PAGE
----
Unicode encoding policy
asmusf at ix.netcom.com
Wed Dec 24 00:08:32 CST 2014
On 12/23/2014 1:51 PM, Doug Ewell wrote:
> William_J_G Overington <wjgo underscore 10009 at btinternet dot com>
>> 5. Are the proposed characters in current use by the user community?
>> This appears to be a major change in encoding policy.
>> This, in my opinion, is a welcome, progressive change in policy that
>> allows new characters for use in a pure electronic technology to be
>> added into regular Unicode without a requirement to first establish
>> widespread use by using an encoding within a Unicode Private Use Area.
> It is exactly the change I was worried about, the precedent I was afraid
> would be set.
Requiring long-term use of characters at an alternate code location
always struck me as counter-productive, because it becomes disruptive at
the point where some character finally has been established. In contrast
to true "experimental" use.
Therefore, recognizing that for some code points there can be critical
mass of implementation support straight from the moment of publication
This is definitely not the same as saying that any idea, however
half-baked, of a new symbol should be encoded 'on-spec' to see whether
it garners usage.
The "critical mass" of support is now assumed for currency symbols, some
special symbols like emoji, and should be granted to additional types of
symbols, punctuations and letters, whenever there is an "authority" that
controls normative orthography or notation.
Whether this is for an orthography reform in some country or addition to
the standard math symbols supported by AMS journals, such external
adoption can signify immediate "critical need" and "critical mass of
adoption" for the relevant characters.
In these case, to require years of PUA code usage is, to repeat,
counterproductive. It doesn't alter the fact that the codes will
eventually be needed (unless one were to confidently expect failure of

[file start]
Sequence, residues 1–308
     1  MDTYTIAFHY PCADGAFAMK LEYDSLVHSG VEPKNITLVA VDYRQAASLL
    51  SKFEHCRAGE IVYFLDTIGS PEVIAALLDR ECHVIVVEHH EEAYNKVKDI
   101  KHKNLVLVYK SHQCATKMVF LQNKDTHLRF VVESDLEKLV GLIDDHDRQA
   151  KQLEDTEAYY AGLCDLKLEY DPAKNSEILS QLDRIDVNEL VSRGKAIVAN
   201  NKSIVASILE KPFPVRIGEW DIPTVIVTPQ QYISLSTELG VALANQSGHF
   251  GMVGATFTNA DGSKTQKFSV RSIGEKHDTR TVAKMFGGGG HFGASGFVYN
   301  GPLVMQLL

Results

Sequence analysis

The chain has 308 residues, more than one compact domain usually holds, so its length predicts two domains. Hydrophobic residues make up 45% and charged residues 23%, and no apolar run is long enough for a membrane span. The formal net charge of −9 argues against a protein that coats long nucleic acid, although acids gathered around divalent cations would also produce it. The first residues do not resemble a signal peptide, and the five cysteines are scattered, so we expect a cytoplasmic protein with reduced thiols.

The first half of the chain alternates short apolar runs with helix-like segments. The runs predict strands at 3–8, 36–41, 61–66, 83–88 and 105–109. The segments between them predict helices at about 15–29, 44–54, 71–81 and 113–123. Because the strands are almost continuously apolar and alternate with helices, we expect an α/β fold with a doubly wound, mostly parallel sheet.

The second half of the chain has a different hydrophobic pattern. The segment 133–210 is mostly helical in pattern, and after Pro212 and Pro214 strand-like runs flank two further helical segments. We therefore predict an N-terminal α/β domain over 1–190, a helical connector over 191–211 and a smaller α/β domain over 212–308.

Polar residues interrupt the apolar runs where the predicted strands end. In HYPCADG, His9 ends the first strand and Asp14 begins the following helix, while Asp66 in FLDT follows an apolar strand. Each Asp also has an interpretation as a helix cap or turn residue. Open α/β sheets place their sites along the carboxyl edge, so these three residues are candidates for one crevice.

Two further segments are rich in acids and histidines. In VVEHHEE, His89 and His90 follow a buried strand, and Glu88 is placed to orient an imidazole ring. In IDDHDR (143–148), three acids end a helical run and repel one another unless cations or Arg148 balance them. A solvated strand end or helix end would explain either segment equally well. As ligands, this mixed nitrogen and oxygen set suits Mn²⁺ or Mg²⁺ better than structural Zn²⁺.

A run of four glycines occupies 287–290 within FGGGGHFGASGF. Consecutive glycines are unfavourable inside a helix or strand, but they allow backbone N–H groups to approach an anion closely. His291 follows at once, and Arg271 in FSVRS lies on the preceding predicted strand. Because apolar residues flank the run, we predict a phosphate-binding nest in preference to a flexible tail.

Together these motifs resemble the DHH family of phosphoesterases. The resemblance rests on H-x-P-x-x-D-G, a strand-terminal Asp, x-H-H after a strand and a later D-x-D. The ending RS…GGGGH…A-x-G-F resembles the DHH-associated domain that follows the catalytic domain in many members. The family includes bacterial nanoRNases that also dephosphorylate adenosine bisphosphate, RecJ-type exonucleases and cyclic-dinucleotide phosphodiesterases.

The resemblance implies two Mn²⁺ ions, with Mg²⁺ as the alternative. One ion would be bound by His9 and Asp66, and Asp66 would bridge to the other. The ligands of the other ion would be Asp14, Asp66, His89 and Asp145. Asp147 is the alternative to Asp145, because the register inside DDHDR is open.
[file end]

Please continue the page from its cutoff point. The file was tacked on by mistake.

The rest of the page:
some reform) and only leads to the creation of data in the meantime that
have to be converted or cannot be accessed reliably.
A clear-cut recognition by the UTC (and WG2) of this particular dynamic
(beyond currency codes) would be helpful -- particularly as Unicode has
matured to the point of being the only game in town. The current
methodology of researching typeset data is well suited to the encoding
of existing or historic practice, but ill-suited to dealing with ongoing
development of scripts and symbol sets.
Taking this new stance makes it easier to contrast it with hobbyists,
enthusiasts and individual tinkerers attempts at inventing a better
world through symbols or new letters. These latter cases lack both
"critical need" as well as "critical mass" unless they are first adopted
by much larger (and/or more authoritative) groups of users.
There is an inherent risk that large groups of users can follow "fads"
that require certain symbols that see huge usage for a while and then
get abandoned. While this is hard to predict, it is not that different
from historical changes in writing systems - even if the trends there
played out over longer time frames.
>> I feel that it is now therefore possible to seek encoding of symbols,
>> perhaps in abstract emoji format and semi-abstract emoji format, so as
>> to implement a system for communication through the language barrier
>> by whole localizable sentences, with that system designed by
>> interested people without the need to produce any legacy data that is
>> encoded using an encoding within a Unicode Private Use Area.
> Sadly, I can no longer state with any confidence that such a proposal is
> out of scope for Unicode, as I tried to do for a decade or more.
> Doug Ewell | Thornton, CO, USA | http://ewellic.org
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